Visitors, meanwhile, who it can be easy to forget about, are less interested in terms like these. “One of the things we have to work quite hard on, to explain to the public, is that the artists that we’re showing aren’t yet household names and therefore they are seeing fresh, exciting talents and we require them to take a risk”. This must be one of the best arguments for free entrance in these straitened times.
It was also worthwhile speaking to the Exhibitions Curator from Towner. The Eastbourne gallery stages an annual open exhibition for artists within the county. And Sanna Moore is at first dismissive of the slippery term ‘emerging’. “We don’t really differentiate for the East Sussex Open where people’s careers are at,” she says. “You just have to be based in the East Sussex region to apply. So you can be a complete amateur or you can have 30 years’ experience and we get people from all walks of life.”
Since I fell for you by Lucy Brown. Installed at Towner Gallery. East Sussex Open 2013 exhibition
Try not to breathe by Lucy Brown. Installed in Towner Gallery window as part of East Sussex Open 2013 exhibition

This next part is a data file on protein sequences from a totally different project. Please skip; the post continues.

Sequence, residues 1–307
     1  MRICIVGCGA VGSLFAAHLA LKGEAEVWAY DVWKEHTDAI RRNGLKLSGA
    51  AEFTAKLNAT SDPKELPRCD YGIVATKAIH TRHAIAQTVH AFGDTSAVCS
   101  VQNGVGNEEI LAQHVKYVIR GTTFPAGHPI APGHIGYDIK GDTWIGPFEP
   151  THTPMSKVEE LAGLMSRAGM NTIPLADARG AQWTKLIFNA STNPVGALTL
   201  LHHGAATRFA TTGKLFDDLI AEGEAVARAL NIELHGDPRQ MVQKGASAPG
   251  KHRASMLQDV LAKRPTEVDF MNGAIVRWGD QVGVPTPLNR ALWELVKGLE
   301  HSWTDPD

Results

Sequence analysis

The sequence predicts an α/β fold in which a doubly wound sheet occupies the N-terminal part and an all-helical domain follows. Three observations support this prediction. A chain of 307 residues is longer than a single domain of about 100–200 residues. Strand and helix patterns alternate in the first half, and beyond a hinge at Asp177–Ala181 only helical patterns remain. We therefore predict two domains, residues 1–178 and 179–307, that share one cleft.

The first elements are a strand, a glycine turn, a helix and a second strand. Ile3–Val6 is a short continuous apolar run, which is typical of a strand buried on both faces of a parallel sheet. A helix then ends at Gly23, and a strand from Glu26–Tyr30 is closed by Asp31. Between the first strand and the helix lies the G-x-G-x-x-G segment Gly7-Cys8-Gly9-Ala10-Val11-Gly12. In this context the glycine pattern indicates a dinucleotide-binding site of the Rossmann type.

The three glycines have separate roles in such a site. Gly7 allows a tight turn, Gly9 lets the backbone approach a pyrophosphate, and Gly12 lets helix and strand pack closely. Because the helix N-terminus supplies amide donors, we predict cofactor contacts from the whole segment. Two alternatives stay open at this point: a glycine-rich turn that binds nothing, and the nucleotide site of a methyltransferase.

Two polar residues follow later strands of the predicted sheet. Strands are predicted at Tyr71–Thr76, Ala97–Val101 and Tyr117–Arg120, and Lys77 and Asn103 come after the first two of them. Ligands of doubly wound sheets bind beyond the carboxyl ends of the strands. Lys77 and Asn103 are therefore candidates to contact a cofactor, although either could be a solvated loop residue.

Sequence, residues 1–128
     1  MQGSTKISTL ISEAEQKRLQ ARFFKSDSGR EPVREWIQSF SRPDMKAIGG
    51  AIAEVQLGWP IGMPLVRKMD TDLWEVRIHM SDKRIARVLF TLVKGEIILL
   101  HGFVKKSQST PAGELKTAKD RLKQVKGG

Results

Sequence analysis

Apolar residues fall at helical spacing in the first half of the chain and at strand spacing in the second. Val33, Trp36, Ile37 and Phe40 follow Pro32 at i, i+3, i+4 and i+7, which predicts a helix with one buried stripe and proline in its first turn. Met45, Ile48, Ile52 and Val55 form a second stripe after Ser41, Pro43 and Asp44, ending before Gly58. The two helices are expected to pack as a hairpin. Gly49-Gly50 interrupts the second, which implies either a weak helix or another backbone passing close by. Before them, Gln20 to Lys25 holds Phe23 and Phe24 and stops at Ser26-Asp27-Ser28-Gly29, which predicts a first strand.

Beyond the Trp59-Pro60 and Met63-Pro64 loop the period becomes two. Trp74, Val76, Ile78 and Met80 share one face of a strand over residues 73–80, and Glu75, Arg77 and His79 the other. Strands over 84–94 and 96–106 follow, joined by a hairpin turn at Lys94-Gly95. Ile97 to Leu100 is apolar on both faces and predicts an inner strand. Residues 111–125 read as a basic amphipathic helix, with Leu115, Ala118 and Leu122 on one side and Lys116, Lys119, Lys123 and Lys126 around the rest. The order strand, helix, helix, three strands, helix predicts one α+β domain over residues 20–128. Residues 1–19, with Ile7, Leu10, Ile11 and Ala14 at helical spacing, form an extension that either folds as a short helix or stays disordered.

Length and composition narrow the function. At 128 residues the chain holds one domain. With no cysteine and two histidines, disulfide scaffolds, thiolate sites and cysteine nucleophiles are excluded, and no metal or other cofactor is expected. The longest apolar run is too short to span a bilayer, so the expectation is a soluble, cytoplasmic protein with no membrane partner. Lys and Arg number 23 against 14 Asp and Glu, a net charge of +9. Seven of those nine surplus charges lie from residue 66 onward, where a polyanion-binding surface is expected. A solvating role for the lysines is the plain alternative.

So whether graduates or MA students, Londoners in retreat, or pensioners with time on their hands, “It’s really up to them how they position themselves,” she insists. “We’re looking for quality of work, really, and the CV and the artist’s statement are the back up and the thing we’re most interested in is the visuals.” Work in the East Sussex Open is all for sale and many of the participants are so far from ‘emerged’ that this is the first time they have priced their work.
Moore reveals that the latest show, in Spring 2013, pulled in 220 applications and resulted in 38 people able to display work in one of the stunning gallery’s white box spaces. When pressed about ages or years of experience with regard to the term emerging, there is a pause before the curator says: “I think it’s very individual. I don’t think you can put any specific numbers on that. It’s really about how quickly someone’s profile rises.” She contrasts the artist plugging away for 20 years and the Saatchi sponsored graduate who wins international fame in half a decade. Both, it seems, could claim the unhelpful label.
Boyd & Evans, Salt Lake 2, 2004, Digital Inkjet Print
But at MK Gallery in Milton Keynes you can indeed spot the hallmarks of emerging talent. It often comes down to affordable materials and manageable scale. The slickest works at group show MK Calling are those by Boyd & Evans, who have enjoyed a solo show at Ikon in Birmingham. But the established duo get a run for their money from graduate Jack Brindley. The young artist has painted a wall, and his medium of choice is clay. The abject result looks like a dirty protest, which is quite the statement in what must be his first appearance in a public space.